Rep. Matsui puts broadband affordability bill back on the table

Rep. Doris Matsui (D-Calif.) has launched another fight to get the Universal Service Fund to include broadband by offering discounted Internet access service to lower income families.

With the Broadband Affordability Act of 2011, Matsui aims to create a Broadband Lifeline Assistance Program in order to help make in-home Internet service more affordable. 

Matsui said in a prepared statement that the unfortunate reality is that today's broadband service prices has excluded many lower-income families from being able to pay for monthly service, which hinders them from conducting simple tasks including job searches and looking for new education opportunities.

"To close the digital divide, we must address the affordability of broadband services for lower-income households," she said. "Although these households may have some options for broadband access, they are underserved if these options are not affordable."

Set to be an element of the USF's Lifeline Assistance program, which provides basic telephone service to low-income residents, the new provision would provide low-cost broadband services.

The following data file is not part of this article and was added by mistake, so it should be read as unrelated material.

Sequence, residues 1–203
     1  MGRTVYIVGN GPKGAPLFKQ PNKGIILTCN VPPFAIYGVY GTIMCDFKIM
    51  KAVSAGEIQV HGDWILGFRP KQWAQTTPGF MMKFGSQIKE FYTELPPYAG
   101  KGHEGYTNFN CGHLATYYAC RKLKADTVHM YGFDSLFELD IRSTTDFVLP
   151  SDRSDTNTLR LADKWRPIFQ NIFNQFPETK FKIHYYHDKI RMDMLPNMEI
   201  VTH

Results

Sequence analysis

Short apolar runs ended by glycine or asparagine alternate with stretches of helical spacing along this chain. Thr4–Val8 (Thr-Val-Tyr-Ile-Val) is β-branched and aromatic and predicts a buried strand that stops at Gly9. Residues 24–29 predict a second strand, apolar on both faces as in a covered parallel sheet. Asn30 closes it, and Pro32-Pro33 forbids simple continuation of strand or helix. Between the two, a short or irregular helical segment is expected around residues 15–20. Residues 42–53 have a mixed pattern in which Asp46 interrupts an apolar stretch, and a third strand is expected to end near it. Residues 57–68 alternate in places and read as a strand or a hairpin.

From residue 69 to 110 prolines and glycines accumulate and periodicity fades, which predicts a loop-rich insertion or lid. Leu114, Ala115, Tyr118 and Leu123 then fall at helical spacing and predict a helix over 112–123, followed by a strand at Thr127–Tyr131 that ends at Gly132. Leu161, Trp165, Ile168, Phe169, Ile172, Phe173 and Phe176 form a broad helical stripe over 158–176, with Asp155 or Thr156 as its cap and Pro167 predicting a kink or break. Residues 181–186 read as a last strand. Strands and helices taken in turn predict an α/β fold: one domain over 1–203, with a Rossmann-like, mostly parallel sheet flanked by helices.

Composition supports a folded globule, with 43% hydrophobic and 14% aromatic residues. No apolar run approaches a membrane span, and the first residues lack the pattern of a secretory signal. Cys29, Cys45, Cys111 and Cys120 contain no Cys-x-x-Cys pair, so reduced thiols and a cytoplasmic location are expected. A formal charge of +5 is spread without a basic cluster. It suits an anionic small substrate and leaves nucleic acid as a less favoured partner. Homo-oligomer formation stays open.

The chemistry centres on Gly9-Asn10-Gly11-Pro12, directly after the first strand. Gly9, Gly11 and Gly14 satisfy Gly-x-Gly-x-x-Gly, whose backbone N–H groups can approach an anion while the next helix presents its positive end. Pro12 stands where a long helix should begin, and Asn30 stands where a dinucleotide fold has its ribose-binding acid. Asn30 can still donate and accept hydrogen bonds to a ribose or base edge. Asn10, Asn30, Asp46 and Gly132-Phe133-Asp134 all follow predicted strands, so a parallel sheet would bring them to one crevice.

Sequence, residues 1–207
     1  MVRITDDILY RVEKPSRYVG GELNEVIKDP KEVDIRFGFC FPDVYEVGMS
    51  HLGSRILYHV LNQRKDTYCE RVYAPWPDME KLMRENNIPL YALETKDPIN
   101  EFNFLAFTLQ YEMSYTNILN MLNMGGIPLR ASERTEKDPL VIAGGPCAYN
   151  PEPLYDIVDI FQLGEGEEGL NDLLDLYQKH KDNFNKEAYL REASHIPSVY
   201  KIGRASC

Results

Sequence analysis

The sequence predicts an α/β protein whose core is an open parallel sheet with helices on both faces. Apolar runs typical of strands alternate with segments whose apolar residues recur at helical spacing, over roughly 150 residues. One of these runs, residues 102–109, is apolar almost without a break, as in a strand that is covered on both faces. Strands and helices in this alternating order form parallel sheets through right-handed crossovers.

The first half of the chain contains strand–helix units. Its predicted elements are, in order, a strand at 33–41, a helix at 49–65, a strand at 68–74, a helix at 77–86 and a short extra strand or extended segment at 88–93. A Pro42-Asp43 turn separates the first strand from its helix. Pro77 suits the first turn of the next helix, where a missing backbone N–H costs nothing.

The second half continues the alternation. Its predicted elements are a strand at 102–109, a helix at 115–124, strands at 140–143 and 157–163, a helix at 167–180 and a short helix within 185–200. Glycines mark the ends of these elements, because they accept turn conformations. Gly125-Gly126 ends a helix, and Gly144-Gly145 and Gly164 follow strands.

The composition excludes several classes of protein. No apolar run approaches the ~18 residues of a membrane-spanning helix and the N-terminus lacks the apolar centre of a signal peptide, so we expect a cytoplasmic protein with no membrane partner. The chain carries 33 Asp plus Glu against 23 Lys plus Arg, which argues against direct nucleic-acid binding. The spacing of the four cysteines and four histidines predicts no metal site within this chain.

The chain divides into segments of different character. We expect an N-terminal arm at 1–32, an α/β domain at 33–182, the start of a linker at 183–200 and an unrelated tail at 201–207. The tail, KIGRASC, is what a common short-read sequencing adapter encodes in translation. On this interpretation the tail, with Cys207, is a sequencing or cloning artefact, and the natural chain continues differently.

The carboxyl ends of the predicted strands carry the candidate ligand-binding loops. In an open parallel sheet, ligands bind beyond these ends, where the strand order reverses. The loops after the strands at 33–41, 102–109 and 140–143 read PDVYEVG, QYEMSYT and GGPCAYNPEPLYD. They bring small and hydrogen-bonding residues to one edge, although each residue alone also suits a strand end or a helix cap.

Originally, Matsui introduced the bill, which the FCC recommended as part of their National Broadband Plan, in the fall of 2009.

Separate from the bill, some service providers like Comcast will offer a $10 broadband connection of 1.5 Mbps to any household making less than $20,000 a year.

For more:
- see the release

Related articles:
Achieving universal broadband: Five steps in the right direction
Genachowski: Broadband, driven by cable can help with economic recovery
FCC Promotes Robust, Affordable Broadband by Reducing Costs & Delays in Access Infrastructure

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